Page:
The government would define and require reporting on over a dozen categories of business-related activities and demand senior managers to disclose on all political and lobbying activities. The costs associated with reporting would be borne by the business and non-compliance would result in a fine of $1,000 per day. And, because the scope of disclosure mandated by C-377 is not proportional to the size of the public benefit, all businesses would be treated equally.

The thought of legislation targeting businesses may seem far-fetched. Most certainly it would be contentious if a future federal NDP government were ever to consider it. However, Hiebert already provided a blueprint for such a law. . .

Those are the two professors.

Let’s be clear, colleagues. Bill C-377 is not really about who must account for a taxpayer-subsidized benefit. Bill C-377 is an anti-union bill. It is designed to bury labour unions in so much paperwork that they will not be able to represent their workers as fully and capably as they do now. Why labour unions? The conclusion being reached by many Canadians is that it is because unions have been less than enthusiastic about how this government has handled labour relations. Bill C-377 is really a message to Canadians that it is no longer safe to disagree with the Government of Canada. It’s a message that if you disagree, then the heavy arm of the law can and will be brought down upon you. The bill uses the Income Tax Act, but no one should be, and frankly no one is deceived by that.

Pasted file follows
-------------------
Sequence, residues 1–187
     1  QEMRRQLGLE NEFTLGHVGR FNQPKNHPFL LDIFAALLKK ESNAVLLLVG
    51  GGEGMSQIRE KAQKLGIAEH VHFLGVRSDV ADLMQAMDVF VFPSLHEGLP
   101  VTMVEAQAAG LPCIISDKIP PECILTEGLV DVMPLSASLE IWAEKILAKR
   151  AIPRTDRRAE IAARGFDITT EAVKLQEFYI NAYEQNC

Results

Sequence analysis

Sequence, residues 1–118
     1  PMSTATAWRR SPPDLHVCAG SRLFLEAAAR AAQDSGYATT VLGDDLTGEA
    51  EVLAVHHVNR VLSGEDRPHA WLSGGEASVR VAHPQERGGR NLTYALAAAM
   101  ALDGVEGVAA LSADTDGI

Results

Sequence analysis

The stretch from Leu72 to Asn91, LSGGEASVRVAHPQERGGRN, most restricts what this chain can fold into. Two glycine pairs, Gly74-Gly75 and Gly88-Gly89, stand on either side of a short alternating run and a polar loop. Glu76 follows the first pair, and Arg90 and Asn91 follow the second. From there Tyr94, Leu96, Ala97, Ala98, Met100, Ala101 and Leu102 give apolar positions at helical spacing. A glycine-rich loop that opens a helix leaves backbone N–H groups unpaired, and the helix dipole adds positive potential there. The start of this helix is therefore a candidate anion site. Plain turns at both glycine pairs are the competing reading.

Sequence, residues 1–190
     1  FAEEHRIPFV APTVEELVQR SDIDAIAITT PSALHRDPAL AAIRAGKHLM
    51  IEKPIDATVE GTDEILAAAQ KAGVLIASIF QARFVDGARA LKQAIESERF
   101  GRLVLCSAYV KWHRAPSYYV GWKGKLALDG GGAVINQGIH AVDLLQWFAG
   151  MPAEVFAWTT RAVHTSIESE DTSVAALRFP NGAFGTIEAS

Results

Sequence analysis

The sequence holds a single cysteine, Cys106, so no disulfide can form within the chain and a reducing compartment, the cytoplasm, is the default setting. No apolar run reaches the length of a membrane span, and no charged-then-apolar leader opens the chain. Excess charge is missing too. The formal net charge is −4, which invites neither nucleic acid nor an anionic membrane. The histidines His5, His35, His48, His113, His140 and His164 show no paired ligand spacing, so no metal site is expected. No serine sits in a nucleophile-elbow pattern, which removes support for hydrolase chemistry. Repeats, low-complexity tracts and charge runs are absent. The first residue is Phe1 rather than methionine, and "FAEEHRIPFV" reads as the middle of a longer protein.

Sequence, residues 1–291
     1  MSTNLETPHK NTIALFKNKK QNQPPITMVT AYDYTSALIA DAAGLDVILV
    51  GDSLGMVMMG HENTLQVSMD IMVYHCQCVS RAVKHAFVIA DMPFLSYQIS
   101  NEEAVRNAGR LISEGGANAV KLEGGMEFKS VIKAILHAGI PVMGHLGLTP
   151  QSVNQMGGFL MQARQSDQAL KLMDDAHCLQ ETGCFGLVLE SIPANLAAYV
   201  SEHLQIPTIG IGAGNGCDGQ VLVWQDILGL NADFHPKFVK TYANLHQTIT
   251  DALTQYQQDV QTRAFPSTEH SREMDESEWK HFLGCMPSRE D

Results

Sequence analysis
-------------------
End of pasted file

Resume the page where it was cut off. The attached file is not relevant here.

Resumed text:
This is not about anything that anyone could ever imagine would come under a law about the paying of income tax. Bill C-377 takes the Income Tax Act and twists it into a weapon to be deployed against those who disagree with the government — a Trojan Horse with CRA officials the reluctant warriors in its hold. Today, this weapon is being unleashed against labour unions, but who will be next? Who will be the next target?

Let’s be clear about something else: Legislating that CRA officials have to administer and enforce the provisions in this bill means that those officials will have less time for the enforcement of other provisions of the Income Tax Act. The CRA officials who appeared before our Banking Committee were very clear on this. In the words of one official, “there would be, at the very least, an opportunity cost. There would be other activities that we would forego.”